Pulse 103: Biotech Advances But Regimen Adherence Is Poor

26 March 2019
Giulio Prisco

Statin

Science fiction-like breakthroughs in healthcare and biotech may not happen each week, but this doesn’t mean things aren’t advancing in the research backroom, slowly but steadily. On the contrary, like every week, promising advances have been reported in cancer research, tissue bioengineering, and the search for useful natural compounds. See below for a sample.

One thing that we should all bear in mind is that therapies and enhancements can’t work if we don’t adhere to their requirements. For example, apparently “only about six percent of patients” follow the statin regimen given to them by their doctors to lower cholesterol. Presumably, this low rate of adherence is a problem in other areas as well.

Mitochondria are associated with the effectiveness of cancer therapies. Scientists at Mount Sinai and IBM have discovered a novel clue in explaining how cancer cells with identical genomes can respond differently to the same therapy. In a research paper published in Nature Communications, the researchers report that the number of mitochondria in a cell is, in great part, associated with how the cancer responds to drug therapy. Surviving cells had a greater amount of mitochondria than untreated cells, which strongly suggests that cells with fewer mitochondria are more likely to respond to certain drug treatments.

Combined chemotherapy and MRI monitoring strategy. Researchers at New York University have engineered nanoscale protein micelles capable of both delivering chemotherapeutic drugs and of being tracked by magnetic resonance imaging (MRI). The innovation, described in a study published in ACS Nano, allows researchers to administer therapy while non-invasively monitoring the therapeutic progress and drastically reducing the need for surgical intervention.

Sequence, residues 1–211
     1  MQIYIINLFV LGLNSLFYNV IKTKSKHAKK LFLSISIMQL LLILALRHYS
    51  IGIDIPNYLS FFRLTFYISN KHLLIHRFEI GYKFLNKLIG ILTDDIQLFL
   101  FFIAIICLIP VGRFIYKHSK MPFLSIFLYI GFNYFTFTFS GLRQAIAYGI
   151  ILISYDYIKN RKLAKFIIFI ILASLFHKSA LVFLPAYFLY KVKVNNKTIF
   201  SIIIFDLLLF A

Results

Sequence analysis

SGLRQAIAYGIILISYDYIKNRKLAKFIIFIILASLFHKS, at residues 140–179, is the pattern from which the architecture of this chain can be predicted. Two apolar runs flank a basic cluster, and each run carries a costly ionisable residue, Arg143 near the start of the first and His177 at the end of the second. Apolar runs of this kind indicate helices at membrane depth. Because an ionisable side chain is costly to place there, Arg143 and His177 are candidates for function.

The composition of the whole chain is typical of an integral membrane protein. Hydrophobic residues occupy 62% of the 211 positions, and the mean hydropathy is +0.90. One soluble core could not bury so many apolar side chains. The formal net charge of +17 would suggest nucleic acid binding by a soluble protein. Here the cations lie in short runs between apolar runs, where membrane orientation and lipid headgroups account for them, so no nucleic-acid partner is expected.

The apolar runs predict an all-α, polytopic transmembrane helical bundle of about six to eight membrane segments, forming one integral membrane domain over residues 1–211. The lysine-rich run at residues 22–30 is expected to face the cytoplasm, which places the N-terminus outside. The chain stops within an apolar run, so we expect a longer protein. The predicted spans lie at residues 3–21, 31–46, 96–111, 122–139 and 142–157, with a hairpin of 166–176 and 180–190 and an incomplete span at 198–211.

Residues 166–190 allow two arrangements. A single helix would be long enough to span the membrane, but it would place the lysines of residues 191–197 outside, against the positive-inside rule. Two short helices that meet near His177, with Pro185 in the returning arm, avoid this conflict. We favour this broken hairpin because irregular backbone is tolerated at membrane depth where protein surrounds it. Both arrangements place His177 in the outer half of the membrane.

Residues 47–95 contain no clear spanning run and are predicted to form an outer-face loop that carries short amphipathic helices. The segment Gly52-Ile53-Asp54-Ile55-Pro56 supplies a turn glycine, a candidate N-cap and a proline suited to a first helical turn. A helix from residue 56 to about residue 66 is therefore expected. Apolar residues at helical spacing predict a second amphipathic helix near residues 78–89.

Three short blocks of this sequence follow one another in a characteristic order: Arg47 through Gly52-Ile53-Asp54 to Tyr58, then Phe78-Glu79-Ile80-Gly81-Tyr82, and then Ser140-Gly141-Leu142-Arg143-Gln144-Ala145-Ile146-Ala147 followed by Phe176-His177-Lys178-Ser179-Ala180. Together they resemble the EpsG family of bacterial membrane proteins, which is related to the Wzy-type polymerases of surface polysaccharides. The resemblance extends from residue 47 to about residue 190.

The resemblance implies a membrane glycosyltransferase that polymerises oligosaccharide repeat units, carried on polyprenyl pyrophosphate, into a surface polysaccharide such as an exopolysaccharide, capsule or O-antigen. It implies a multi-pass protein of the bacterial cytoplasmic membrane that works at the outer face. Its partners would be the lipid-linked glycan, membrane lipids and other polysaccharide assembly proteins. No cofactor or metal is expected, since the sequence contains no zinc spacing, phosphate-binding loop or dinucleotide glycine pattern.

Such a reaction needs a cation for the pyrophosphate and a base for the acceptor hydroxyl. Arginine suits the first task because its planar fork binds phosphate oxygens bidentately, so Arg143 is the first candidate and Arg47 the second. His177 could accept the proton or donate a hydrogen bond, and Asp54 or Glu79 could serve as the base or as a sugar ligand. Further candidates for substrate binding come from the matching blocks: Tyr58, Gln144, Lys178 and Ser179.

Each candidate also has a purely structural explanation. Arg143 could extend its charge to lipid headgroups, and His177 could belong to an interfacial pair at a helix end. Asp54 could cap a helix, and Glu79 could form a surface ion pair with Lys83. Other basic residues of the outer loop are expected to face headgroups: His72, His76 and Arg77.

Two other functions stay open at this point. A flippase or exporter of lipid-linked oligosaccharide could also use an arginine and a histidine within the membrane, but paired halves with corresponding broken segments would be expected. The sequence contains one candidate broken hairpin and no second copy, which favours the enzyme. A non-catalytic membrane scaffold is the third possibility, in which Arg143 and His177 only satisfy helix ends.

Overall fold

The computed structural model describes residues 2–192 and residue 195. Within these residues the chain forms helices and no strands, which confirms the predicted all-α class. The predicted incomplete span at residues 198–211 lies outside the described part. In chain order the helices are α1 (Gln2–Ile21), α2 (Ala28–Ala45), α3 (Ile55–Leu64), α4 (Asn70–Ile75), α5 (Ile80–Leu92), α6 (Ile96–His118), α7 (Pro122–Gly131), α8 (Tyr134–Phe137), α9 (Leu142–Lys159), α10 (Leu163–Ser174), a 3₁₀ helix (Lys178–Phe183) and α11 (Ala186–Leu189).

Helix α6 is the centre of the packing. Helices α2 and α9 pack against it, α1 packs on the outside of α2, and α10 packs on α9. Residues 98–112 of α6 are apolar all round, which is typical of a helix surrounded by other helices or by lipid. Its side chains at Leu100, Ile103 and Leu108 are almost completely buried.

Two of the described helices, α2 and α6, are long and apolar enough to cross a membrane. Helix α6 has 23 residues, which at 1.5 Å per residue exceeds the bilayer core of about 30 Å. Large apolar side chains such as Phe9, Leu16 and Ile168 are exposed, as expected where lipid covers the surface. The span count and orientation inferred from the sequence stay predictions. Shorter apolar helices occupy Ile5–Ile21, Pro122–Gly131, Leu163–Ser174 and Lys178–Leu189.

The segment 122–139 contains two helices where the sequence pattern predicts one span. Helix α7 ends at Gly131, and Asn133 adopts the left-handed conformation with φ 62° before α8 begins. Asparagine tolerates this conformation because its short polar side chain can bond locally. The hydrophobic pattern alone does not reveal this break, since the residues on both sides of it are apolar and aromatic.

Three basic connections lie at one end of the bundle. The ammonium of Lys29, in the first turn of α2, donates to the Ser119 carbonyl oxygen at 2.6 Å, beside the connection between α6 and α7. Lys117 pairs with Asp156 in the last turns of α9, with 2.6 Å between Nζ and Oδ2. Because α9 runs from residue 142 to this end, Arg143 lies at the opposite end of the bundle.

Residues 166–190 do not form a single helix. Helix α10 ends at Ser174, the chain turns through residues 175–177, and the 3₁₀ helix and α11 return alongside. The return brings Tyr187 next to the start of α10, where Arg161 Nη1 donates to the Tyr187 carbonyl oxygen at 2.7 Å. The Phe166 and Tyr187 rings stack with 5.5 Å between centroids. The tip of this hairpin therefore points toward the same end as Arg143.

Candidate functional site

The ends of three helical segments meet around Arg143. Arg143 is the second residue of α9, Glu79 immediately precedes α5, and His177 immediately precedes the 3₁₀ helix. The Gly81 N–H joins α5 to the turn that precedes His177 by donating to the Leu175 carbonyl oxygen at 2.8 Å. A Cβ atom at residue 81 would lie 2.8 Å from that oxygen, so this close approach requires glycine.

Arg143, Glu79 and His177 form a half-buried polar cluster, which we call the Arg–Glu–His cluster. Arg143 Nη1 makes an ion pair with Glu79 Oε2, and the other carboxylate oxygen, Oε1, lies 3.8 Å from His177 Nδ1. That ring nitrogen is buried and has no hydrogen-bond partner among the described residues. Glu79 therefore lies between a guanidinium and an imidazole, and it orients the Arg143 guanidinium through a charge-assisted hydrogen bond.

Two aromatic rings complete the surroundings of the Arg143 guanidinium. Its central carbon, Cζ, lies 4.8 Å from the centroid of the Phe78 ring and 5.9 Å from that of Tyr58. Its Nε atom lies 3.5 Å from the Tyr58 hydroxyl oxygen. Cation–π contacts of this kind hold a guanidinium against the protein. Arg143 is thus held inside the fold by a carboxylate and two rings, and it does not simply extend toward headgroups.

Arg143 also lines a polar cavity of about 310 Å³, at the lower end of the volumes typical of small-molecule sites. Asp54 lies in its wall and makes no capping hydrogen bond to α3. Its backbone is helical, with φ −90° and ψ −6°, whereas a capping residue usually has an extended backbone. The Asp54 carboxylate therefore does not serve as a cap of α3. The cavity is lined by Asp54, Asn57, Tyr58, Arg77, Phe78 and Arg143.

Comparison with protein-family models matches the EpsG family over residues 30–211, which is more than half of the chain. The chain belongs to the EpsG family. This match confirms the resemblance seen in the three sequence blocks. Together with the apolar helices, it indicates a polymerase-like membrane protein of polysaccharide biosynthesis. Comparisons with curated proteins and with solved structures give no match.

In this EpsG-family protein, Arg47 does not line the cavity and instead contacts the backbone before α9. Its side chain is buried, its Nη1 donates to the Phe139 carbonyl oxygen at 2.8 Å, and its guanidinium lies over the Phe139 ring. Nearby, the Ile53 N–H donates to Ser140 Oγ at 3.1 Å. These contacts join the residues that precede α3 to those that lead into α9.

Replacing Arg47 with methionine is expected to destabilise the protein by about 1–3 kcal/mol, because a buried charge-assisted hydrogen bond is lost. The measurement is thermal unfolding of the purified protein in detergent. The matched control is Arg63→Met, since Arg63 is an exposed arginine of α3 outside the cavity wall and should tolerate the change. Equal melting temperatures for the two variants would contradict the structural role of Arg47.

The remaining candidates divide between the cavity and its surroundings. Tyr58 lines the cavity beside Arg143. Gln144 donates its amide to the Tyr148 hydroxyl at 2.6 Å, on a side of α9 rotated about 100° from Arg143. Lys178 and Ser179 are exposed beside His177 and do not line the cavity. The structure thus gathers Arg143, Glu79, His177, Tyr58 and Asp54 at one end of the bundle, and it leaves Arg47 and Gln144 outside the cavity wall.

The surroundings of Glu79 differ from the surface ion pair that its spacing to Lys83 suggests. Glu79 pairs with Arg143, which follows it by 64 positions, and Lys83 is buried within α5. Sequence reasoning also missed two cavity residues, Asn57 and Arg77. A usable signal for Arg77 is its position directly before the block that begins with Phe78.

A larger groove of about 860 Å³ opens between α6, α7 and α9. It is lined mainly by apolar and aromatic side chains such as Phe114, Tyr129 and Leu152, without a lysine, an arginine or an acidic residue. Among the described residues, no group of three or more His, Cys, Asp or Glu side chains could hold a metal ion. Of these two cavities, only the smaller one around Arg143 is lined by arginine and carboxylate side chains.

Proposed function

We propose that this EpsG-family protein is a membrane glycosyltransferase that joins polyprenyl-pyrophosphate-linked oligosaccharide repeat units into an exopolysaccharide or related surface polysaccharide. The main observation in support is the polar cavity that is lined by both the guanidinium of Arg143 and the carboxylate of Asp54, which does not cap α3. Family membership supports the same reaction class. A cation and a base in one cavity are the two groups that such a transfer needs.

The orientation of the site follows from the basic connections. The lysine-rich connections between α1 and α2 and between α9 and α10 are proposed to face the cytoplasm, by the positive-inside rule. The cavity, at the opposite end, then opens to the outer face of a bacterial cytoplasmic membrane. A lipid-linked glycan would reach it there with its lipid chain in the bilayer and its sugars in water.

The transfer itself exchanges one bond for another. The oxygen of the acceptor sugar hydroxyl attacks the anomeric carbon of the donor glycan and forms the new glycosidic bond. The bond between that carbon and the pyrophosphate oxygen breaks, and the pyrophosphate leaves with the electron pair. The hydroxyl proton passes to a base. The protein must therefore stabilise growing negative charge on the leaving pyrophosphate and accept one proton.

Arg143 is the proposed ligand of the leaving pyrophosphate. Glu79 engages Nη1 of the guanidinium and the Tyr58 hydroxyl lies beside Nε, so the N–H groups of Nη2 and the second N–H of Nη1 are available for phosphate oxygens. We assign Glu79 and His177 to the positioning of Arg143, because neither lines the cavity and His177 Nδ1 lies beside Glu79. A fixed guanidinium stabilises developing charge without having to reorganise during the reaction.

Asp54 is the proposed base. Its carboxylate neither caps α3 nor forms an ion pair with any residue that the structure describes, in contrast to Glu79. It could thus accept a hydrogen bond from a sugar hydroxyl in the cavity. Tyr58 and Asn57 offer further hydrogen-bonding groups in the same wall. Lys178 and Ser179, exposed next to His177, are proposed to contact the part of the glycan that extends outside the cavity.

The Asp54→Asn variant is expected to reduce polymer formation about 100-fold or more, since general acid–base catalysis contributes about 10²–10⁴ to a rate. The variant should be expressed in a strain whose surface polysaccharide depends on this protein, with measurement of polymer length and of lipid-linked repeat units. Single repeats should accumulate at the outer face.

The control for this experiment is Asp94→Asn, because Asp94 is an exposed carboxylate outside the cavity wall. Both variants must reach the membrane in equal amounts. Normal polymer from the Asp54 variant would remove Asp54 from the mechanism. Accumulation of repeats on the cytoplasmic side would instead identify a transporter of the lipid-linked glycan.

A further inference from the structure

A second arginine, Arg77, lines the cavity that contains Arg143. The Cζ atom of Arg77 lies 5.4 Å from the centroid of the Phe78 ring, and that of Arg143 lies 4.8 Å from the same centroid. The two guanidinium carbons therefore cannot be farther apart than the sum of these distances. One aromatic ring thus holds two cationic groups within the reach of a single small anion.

Efficient synthesis of anti-leukemia compounds. Chemists at Oregon State University have patented a method for making anti-leukemia compounds that until now have only been available via an Asian tree that produces them. The synthesis of cephalotaxine and homoharringtonine (HHT), described in a research paper published in Angewandte Chemie International Edition, could result in less-expensive, more readily available leukemia drugs whose production is not subject to the risks and inefficiencies associated with harvesting natural sources.

Bioengineers grow live jaw bone from ribs. Bioengineers at Rice University and University of Texas Health have developed a technique to grow custom-fit bone implants to repair jawbone injuries from a patient's own rib. A research paper published in PNAS describes how the scientists were able to grow live bone to repair craniofacial injuries by attaching a 3D-printed bioreactor (basically, a mold) to a rib. Stem cells and blood vessels from the rib infiltrate scaffold material in the mold and replace it with natural bone custom-fit to the patient.

Active substance found in plants can be used against eye tumors. Scientists at University of Bonn and University of Magdeburg, together with colleagues in the US, have found that an active substance, that has been known for 30 years, could slow down the growth of eye tumors, as shown in a study published in Science Signaling. The active substance, a toxin called FR900359 (FR), is found in the leaves of a plant, originally from Korea, which is easy to find.

Health benefits of statins. Researchers from the Intermountain Healthcare Heart Institute in Salt Lake City have found that patients with atherosclerotic cardiovascular disease cut their risk of a second major adverse cardiovascular event by almost 50 percent, if they adhere to taking a statin medication as prescribed by their doctors. However, only about six percent of patients are in fact following the statin regimen given to them to lower their cholesterol, negating any potential cardiovascular benefits. The results of the study were presented at the American College of Cardiology Scientific Sessions in New Orleans. In related news, scientists at University of Toledo have found that statins can be beneficial during heart attacks and cancer cell metastasis.

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